Magazine article Mortgage Banking

False Advertising

Magazine article Mortgage Banking

False Advertising

Article excerpt

IT WAS A THROWAWAY LINE, to be sure. But there it was, an offhand remark by RICHARD CORDRAY, director of the Consumer Financial Protection Bureau (CFPB), that grabbed the attention of lenders who honestly believed their businesses would be harmed by some of the CFPB's "damaging" rules.

It came in a speech at the Brookings Institution in Washington, D.C., in mid-January, where Cordray explained the CFPB's new Owning a Home initiative and the highly controversial rate-checker tool that is supposed to let would-be borrowers look for the best loan rates available.

The CFPB director pointed out that in the year since the bureau promulgated its ability-to-pay rules, "we have not seen dramatic changes as some had feared.

"I recall seeing some rash predictions, such as that the price of mortgages would double and the volume of mortgages could be halved," he said. "But by the time these rules went into effect, lenders had already retreated from the worst sorts of lending that took us into the financial crisis. . . . Our rules put further measures in place to make sure that irresponsible lending would never be allowed to reappear."

And then he admitted, "[W]e did not anticipate that our rules would affect the broader market in an intense or abrupt fashion."

Speaking of the rate-checker tool, JOHN COUNCILMAN, president of the National Association of Mortgage Brokers (NAMB), Plano, Texas, joined David Stevens, chief executive officer of the Mortgage Bankers Association, Washington, D.C., in sharply criticizing the new tool. In a rally-the-troops message to NAMB members, Councilman said, "If a private company released this exact product, the CFPB and state regulatory authorities would have a team sent in to shut the site down."

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Urging the NAMB membership to write to the bureau, Councilman, who is president of AMC Mortgage Corporation, Fort Myers, Florida, wrote, "What is perhaps most egregious is Director Cordray's statement that cautioned consumers that [mortgage lenders and brokers] have 'an important stake in selling the mortgage. . . . What is best for them is not always best for the consumer.' This statement is nothing but divisive, naive or dishonest-or all three." Councilman continued, "First, the director should know, since the CFPB issued the regulations, that the loan originator and mortgage brokerage entities cannot increase their compensation. Those are set and cannot vary per Dodd-Frank [Wall Street Reform and Consumer Protection Act] and CFPB regulation. Second, mortgage originators-whether they work for banks, mortgage banks, credit unions or mortgage brokersall depend on future business by dealing with consumers fairly. The suggestion that licensed mortgage originators are out to get consumers or that consumers should not inherently trust referrals from friends and family is disappointing.... The bureau at the very least should have consulted with industry stakeholders to weigh input on the usefulness of such a tool."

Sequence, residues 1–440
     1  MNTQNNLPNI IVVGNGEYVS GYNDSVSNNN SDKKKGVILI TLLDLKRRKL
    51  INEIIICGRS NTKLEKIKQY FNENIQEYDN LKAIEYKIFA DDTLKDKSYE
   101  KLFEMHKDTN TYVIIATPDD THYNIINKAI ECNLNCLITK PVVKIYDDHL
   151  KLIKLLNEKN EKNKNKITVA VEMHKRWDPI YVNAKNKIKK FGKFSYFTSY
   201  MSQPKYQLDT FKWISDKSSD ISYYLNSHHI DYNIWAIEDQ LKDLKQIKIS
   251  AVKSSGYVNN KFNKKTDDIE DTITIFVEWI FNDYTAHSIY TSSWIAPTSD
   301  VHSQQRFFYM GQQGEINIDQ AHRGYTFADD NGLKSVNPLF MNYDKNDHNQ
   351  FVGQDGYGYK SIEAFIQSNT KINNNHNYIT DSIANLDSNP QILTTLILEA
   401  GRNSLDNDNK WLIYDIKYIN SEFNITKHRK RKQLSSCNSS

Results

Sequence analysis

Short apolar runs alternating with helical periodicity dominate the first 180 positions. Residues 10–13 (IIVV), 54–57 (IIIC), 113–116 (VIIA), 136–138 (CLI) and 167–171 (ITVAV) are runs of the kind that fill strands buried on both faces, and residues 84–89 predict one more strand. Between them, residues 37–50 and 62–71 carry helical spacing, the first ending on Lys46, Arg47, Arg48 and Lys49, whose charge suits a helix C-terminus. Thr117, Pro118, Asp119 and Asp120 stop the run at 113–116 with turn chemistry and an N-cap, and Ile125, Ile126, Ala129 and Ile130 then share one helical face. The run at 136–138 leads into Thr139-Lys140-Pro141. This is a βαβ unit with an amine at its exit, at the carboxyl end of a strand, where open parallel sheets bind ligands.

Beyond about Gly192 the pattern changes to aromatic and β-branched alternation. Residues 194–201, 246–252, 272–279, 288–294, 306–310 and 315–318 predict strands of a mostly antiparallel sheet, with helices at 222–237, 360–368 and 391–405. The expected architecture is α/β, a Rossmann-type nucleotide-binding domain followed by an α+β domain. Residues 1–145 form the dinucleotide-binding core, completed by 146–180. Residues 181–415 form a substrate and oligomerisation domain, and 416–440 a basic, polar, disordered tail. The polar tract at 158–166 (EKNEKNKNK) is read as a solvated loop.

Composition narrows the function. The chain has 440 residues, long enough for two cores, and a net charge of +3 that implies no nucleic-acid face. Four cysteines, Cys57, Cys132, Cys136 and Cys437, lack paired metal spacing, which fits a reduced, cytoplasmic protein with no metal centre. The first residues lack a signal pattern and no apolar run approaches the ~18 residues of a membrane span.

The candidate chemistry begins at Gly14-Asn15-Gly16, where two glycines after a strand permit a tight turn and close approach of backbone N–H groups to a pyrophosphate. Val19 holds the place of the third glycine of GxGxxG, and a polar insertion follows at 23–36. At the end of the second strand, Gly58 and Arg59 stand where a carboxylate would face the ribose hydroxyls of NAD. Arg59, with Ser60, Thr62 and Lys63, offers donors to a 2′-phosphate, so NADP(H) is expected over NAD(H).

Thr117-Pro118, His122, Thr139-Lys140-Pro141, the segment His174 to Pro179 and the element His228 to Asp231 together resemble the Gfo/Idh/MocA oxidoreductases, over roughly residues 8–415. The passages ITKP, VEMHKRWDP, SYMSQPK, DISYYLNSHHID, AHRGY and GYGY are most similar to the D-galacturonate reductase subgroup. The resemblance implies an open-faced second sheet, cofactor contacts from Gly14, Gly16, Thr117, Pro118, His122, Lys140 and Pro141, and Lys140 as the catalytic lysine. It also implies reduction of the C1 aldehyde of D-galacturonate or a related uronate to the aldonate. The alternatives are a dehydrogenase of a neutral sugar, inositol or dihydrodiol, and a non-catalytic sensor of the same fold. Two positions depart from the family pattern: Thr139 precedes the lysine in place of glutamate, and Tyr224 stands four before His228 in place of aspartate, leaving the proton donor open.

In a speech at the National Press Club in Washington in mid-January, Department of Housing and Urban Development (HUD) Secretary JULIAN CASTRO had a confession of his own: He once considered being a journalist. And why not? After all, one of his degrees from Stanford University is in communications.

Castro's speech itself was unremarkable, with the exception that it heaped high praise on "the dedicated folks I serve with [at HUD who] work from sunrise to sunset to fulfill" the department's mission. "They don't do it for the money-trust me, I've seen their salaries," said Castro. "And I know they don't do it for the amenities-in fact, BuzzFeed once named HUD's headquarters the second-ugliest federal building in Washington. The HUD team does it because they care and because they're committed to tackling the great challenges of our day-from poverty to homelessness, from climate change to discrimination in the housing market. …

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